A close-up of a person's head. The top is a pool with a yellow smiley fishing bobber sitting in a life-saving device. Coming from the persons head is a thought bubble with a brightly shining sun

You Are Not Alone!

When you live with a certain health condition like chronic hives, it can sometimes be quite tough and lonely. Especially since I'm increasingly wondering if it's "normal" to feel this way. Through social media I came across a lady who had posted photos of herself because she was looking for answers. As I read her posts it felt so relatable.

I recognized the fear, the questions and especially the uncertainty in her story. I messaged her and suggested we spend some time chatting about chronic hives. The connection between the two of us clicked and talked about our experiences.

It can be a lonely journey

As I listened to her journey, it seemed like she was telling my story. I spent a long time listening to the millions of questions, the emotional journey, and the sad moments where she felt despondent and powerless. Sharing your experience with someone who can finish your sentences is quite powerful when you are in such a situation. She was grateful and felt less lonely after our conversation.

Grateful for our community

I referred her to our website and told her how useful it is to have a community you can fall back on. Without her realizing it, she gave me another push to continue. Because after our conversation I was able to think back to my own moments of uncertainty and searching for answers that never came. I felt grateful for the moment I was able to share with her and especially grateful for the fact that she no longer feels alone.

But how long will it actually take before you no longer feel lonely? I do not know! Because despite being an active part of a great community myself, there are times when I feel frustrated or lonely. It's getting less and less, that's positive. I notice that the moments of loneliness are getting less and less, because I have accepted it. And I also react differently when I notice that my body is not reacting the way I want it to. Just swallow, think of something nice, and then move on. Staying less focused on the lesser and looking for distraction so I can go back to a positive mindset.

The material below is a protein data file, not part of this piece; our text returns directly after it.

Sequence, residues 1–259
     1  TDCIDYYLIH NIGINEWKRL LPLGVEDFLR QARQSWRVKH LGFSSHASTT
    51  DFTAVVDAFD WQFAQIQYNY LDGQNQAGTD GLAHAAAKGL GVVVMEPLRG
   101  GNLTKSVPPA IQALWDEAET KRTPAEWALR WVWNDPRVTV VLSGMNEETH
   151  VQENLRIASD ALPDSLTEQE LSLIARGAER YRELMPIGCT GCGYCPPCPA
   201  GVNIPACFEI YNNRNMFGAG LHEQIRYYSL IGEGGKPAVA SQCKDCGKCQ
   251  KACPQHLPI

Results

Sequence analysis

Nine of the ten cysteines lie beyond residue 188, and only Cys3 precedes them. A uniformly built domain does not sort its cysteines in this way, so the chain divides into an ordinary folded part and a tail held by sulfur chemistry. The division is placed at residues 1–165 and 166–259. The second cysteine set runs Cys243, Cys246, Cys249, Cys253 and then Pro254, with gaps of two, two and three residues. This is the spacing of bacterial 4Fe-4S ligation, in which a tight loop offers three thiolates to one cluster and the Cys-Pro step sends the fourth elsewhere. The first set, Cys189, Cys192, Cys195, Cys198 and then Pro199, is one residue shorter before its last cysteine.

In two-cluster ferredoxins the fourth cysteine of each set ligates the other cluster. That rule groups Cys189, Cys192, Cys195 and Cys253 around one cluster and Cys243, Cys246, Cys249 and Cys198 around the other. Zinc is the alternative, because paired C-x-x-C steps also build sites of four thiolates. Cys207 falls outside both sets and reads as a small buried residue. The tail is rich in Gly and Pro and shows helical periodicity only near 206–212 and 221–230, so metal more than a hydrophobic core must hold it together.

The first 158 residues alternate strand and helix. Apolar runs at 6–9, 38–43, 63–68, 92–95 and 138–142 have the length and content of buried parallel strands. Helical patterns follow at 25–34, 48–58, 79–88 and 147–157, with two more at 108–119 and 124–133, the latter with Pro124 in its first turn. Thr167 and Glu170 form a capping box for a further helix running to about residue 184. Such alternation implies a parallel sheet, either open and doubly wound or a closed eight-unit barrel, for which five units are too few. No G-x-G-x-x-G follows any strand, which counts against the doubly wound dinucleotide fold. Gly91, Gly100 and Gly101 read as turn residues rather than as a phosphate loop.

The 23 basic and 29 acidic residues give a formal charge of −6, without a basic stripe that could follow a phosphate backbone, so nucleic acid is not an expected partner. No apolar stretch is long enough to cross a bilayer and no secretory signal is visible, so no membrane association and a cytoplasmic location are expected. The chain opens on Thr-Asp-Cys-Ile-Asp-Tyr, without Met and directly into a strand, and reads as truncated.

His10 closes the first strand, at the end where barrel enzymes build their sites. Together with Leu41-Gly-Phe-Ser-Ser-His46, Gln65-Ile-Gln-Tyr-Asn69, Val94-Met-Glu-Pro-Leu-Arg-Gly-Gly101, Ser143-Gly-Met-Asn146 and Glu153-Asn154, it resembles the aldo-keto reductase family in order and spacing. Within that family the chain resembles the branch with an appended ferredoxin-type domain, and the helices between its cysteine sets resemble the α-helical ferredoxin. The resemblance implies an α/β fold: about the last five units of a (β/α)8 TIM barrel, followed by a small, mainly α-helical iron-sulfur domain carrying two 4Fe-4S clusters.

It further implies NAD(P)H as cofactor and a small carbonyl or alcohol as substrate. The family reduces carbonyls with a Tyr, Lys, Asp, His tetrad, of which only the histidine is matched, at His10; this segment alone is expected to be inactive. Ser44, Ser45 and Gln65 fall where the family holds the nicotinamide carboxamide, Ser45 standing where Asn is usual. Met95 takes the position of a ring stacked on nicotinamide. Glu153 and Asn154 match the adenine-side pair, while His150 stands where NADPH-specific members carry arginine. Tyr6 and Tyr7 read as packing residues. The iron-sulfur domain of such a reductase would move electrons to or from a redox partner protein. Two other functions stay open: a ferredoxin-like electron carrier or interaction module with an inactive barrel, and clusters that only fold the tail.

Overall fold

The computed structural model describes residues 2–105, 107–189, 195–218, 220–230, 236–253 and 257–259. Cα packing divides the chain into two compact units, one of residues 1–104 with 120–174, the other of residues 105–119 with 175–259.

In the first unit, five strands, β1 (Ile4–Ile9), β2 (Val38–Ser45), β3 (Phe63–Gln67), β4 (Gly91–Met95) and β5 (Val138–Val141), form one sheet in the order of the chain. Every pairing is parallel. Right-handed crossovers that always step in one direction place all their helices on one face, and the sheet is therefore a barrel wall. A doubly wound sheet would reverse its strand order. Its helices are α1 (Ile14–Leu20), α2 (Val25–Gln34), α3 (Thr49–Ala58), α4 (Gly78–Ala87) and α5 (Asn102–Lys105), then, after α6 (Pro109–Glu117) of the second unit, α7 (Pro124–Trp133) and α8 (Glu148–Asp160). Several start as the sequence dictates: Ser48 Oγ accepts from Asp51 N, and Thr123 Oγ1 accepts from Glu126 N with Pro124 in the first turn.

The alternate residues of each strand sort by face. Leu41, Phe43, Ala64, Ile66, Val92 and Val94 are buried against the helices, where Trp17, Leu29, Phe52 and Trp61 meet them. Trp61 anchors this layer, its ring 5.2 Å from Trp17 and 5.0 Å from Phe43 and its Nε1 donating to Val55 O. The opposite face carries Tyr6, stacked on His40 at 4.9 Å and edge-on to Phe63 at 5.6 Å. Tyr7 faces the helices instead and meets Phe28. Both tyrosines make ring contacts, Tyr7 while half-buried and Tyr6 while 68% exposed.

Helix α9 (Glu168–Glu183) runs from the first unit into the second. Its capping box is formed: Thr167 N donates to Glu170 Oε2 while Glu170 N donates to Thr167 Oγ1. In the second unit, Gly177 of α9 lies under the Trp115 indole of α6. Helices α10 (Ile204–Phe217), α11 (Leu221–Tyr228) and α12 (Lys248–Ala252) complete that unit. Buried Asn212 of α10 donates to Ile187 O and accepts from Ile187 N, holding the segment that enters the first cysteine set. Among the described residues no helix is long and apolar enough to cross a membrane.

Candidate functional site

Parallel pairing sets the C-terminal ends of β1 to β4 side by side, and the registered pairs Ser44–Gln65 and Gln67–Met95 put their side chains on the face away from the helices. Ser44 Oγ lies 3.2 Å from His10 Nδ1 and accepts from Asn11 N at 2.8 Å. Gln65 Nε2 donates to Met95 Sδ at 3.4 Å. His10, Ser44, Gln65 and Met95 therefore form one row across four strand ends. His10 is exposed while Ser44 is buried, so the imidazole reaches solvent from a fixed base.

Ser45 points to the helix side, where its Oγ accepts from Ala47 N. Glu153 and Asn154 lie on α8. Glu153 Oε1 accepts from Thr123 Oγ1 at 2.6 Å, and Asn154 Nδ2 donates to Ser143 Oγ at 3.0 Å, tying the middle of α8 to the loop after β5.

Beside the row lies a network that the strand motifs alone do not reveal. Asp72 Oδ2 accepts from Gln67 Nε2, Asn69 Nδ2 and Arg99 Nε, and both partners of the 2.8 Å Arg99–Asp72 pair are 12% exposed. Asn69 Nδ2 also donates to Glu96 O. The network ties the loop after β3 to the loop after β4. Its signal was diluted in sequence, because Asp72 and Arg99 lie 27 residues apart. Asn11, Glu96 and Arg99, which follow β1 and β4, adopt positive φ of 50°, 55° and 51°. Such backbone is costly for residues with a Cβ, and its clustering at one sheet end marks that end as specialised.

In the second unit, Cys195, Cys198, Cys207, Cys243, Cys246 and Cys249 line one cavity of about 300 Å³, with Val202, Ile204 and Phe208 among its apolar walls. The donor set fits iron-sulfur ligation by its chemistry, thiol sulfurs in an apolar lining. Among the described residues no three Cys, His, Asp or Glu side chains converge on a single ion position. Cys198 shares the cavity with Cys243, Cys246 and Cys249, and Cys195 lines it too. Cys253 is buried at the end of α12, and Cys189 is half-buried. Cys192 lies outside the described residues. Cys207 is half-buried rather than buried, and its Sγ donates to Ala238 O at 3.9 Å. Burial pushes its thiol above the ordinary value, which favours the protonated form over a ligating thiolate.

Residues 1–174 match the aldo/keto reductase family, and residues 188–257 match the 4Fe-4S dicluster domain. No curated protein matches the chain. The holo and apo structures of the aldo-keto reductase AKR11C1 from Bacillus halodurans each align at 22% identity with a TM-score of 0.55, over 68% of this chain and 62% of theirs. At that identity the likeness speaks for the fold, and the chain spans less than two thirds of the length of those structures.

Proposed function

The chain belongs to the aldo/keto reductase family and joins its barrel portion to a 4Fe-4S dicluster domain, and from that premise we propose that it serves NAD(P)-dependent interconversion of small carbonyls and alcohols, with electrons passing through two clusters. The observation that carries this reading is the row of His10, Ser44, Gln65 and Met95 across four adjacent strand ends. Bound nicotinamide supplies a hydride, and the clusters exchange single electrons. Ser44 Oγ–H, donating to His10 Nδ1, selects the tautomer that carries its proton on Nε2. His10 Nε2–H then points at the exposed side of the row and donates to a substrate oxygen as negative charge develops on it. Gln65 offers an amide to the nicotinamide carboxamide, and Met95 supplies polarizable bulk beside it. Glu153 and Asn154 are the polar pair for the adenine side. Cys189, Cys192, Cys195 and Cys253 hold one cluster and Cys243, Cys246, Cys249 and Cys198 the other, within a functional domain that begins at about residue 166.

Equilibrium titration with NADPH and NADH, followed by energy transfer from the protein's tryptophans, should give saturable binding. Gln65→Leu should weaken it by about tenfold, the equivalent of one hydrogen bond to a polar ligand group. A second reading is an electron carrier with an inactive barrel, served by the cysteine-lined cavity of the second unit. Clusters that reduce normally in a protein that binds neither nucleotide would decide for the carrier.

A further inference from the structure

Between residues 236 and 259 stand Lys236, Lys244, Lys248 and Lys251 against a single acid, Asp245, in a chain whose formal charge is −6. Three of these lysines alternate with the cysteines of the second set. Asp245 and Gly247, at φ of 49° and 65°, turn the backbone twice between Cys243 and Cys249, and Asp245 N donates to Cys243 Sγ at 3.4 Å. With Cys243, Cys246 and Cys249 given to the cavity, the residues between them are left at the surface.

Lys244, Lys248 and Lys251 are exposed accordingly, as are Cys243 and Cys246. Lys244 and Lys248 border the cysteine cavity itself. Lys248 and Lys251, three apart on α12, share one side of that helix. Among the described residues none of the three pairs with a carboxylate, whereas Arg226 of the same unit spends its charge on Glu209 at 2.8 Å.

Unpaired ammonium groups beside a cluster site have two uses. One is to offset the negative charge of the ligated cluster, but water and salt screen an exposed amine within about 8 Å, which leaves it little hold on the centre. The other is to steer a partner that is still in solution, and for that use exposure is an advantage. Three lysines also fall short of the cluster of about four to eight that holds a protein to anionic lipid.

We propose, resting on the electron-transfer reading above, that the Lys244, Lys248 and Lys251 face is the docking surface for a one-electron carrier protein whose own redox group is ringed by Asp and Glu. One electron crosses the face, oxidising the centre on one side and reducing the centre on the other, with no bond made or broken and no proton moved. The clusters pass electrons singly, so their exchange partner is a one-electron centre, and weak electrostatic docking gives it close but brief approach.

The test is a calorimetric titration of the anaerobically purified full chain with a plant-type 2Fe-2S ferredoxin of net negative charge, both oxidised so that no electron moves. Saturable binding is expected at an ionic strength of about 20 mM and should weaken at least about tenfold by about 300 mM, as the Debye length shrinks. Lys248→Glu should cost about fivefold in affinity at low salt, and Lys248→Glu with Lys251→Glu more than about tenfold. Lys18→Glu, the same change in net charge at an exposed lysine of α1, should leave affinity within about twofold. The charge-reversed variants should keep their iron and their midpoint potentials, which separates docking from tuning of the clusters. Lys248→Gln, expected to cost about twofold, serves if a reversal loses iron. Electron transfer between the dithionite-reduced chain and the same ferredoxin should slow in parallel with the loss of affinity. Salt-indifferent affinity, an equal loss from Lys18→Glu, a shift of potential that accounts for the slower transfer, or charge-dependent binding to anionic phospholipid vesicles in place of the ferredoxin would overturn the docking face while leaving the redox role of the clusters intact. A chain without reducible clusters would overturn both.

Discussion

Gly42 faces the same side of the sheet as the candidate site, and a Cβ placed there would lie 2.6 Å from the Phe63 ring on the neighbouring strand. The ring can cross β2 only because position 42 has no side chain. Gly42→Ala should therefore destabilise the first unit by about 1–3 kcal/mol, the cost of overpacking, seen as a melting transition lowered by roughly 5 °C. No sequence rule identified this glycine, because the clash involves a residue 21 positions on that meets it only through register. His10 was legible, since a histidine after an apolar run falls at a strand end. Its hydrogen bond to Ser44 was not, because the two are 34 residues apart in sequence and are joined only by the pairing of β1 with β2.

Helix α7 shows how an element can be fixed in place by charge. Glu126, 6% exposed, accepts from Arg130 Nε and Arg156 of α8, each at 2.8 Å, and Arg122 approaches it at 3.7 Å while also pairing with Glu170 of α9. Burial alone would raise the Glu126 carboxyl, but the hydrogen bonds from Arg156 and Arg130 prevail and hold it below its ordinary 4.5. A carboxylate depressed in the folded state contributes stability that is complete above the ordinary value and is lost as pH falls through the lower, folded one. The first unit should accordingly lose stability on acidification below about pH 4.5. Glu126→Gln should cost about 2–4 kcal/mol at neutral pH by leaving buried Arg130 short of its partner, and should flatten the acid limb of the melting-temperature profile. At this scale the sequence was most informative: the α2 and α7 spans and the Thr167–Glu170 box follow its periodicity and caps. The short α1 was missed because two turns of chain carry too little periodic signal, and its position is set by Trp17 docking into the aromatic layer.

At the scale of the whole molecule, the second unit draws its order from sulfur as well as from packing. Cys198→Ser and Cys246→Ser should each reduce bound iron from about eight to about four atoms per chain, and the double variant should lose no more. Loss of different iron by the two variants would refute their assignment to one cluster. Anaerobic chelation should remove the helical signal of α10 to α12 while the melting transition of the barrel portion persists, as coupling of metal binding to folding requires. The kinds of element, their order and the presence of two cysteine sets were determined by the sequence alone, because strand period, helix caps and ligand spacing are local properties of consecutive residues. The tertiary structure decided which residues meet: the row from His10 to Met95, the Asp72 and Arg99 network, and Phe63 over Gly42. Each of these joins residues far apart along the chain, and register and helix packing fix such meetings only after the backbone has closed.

Sometimes we need others' experience to help us put things into perspective. One of the best things I get from our community is that we have so many common grounds. We feel powerless, frustrated, and afraid, but on the other hand we are strong, brave and we push hard. Giving up is not an option! And that is something I am very proud of.


The lady indicated that she has recently become more aware of mindfulness. I took her tip with me, because mindfulness can make a big contribution when it comes to reducing stress.

I have planned to delve into mindfulness and see if my triggers decrease. The first thing I came across when I read about mindfulness is this: "Mindfulness is the basic human ability to be fully present, aware of where we are and what we're doing, and not overly reactive or overwhelmed by what's going on around us. While mindfulness is something we all naturally possess, it's more readily available to us when we practice on a daily basis."1

I will continue to share my mindfulness journey with you. If it helps me coping with stress, it might be a good tool for you as well.

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This article represents the opinions, thoughts, and experiences of the author; none of this content has been paid for by any advertiser. The Chronic-Hives.com team does not recommend or endorse any products or treatments discussed herein. Learn more about how we maintain editorial integrity here.

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